Notes on NaNoWriMo
by Margaret Fieland
Although I am a huge science fiction fan, as of late September of 2010 I’d never tried my hand at writing a science fiction story. In fact, I’d written only two novels: a children’s chapter book, which had been accepted by a small print house, and a middle grade novel that I’d put aside as needing major revision. The latter, at 15,000 words, was the longest thing I’d ever written.
In late September 2010 I decided I’d write a science fiction novel for NaNoWriMo and used the next weeks planning it. The advice I got from most of my NaNoWriMo-veteran writer friends was to lay out the plot scene by scene in as much detail as possible. Good advice, except I had only a sketchy notion of my story. I quickly decided on a fourteen-year-old boy as my main character, who would be plopped down on an alien planet.
I had signed up for an online class on writing sci-fi novels that started a few weeks before NaNoWriMo, and I used the very helpful homework to lay out a few things: bright moment, dark moment, character change, conflict resolution, obstacle, problem, et cetera.
What did I keep and what did I toss? The basic problem (terrorists) remained the same, but a number of details changed as I wrote. I had initially figured my main character’s father and another character for the antagonists. This didn’t work, and I created a new, unplanned antagonist. The need my main character faced, to weigh the values he’s been brought up with against the values of the alien society, did remain central to the novel.
I worked out, in my head if not always on paper, quite a lot about my alien society, my alien planet, and my aliens’ values, as well as a lot of backstory and history that never made it into the book. This was, after all, my first science fiction novel, and the world-building was the part I was most nervous about.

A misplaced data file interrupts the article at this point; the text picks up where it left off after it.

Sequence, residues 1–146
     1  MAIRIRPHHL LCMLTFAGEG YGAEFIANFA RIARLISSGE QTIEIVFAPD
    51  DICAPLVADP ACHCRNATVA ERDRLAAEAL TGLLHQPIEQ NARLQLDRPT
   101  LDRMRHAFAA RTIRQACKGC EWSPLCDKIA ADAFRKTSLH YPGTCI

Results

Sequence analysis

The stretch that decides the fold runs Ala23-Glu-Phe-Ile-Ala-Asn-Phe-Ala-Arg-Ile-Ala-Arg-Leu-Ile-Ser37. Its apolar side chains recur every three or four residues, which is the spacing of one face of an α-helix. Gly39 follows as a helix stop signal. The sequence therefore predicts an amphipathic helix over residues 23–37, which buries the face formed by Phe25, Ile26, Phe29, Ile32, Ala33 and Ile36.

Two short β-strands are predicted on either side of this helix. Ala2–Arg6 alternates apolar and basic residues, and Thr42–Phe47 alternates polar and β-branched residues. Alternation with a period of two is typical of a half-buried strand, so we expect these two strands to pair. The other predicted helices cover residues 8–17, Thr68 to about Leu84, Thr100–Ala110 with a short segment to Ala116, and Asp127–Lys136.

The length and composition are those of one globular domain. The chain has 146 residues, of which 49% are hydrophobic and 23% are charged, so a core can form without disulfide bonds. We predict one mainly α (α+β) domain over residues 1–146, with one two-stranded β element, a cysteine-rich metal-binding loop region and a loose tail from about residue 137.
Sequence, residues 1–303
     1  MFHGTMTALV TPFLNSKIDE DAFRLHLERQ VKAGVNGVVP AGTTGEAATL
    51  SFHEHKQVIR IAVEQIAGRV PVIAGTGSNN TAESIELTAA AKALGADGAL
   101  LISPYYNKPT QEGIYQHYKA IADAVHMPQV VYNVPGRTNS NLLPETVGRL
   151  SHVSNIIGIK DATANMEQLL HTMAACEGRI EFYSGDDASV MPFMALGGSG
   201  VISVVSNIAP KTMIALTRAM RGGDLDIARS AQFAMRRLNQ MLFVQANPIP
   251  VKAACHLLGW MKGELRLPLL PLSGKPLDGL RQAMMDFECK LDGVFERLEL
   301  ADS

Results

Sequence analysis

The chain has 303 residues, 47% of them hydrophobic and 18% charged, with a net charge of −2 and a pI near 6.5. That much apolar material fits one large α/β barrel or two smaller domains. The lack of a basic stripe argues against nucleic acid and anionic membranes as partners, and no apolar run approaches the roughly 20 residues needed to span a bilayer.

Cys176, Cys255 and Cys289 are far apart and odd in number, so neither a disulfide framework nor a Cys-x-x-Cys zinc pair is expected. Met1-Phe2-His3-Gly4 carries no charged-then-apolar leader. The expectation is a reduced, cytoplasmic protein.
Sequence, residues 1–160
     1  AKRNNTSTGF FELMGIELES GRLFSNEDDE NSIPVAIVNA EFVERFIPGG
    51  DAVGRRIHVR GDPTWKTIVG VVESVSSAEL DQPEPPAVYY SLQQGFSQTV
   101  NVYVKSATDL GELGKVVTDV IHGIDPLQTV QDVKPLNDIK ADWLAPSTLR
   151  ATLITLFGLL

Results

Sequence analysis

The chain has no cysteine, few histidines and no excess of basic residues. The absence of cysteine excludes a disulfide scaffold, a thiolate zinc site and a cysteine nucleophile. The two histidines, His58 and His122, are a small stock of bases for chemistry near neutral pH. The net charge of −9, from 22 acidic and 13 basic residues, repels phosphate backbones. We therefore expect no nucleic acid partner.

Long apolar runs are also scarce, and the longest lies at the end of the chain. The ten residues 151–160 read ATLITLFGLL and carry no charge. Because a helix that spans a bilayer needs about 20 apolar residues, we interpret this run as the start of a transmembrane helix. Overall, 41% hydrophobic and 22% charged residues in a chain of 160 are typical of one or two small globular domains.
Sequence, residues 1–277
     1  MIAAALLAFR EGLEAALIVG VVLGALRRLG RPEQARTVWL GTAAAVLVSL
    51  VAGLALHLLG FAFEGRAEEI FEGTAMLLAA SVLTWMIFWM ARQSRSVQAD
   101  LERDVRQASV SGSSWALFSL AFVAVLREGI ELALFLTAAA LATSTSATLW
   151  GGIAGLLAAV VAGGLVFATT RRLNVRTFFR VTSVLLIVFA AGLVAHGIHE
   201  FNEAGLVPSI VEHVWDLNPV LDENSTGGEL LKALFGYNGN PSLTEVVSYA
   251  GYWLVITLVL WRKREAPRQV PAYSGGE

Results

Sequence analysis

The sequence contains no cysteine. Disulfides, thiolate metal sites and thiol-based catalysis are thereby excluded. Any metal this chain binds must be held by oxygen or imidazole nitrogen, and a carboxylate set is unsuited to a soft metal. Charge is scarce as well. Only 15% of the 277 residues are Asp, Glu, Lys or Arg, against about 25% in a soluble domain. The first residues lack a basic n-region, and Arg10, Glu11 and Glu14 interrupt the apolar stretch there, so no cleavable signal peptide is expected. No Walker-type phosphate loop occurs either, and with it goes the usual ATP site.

I had less than half a page of plot notes, not nearly enough to generate a whole novel in a month’s time. I needed to write an average of 1,667 words per day, so I found myself laying out the next scene or two in my head on the drive home from work. I would picture my characters moving and talking, kind of like a movie. When I arrived home, I’d write the scene or scenes. Then I’d make notes for the next few scenes, keeping in mind the next major plot point and how I could get there.
I also wrote a second, related document, thirty poems of a poet in the universe of the novel. Eight of the poems appear in the final version of the book. I also wrote a story, which is told by one of the characters, and a glossary for the alien language in the book.
I wrote more than 50,000 words during November of 2010, then spent the next six or seven months editing. That novel, Relocated, was published in July 2012.
What did I learn about my writing style as a result of this? I learned what I need to plan and what I can work out as I go. I need to understand the setting, my characters and their motivations, the main plot arc in terms of where they start and where I want them to end up, and at least the major plot points in between. I’m not capable of laying out the whole plot scene by scene before I start to write. And I need to be prepared to revise what I write. ■
Born and raised in New York City, Margaret Fieland lives in the suburbs west of Boston, Massachusetts, with her partner and seven dogs. Her poems, articles and stories have appeared in Main Channel Voices, Front Range Review and All Rights Reserved, among others. She is one of The Poetic Muselings, whose poetry anthology, Lifelines, was published in 2011. She is author of two science fiction novels and Sand in the Desert, a book of science fiction persona poems. Visit her website: www.margaretfieland.com.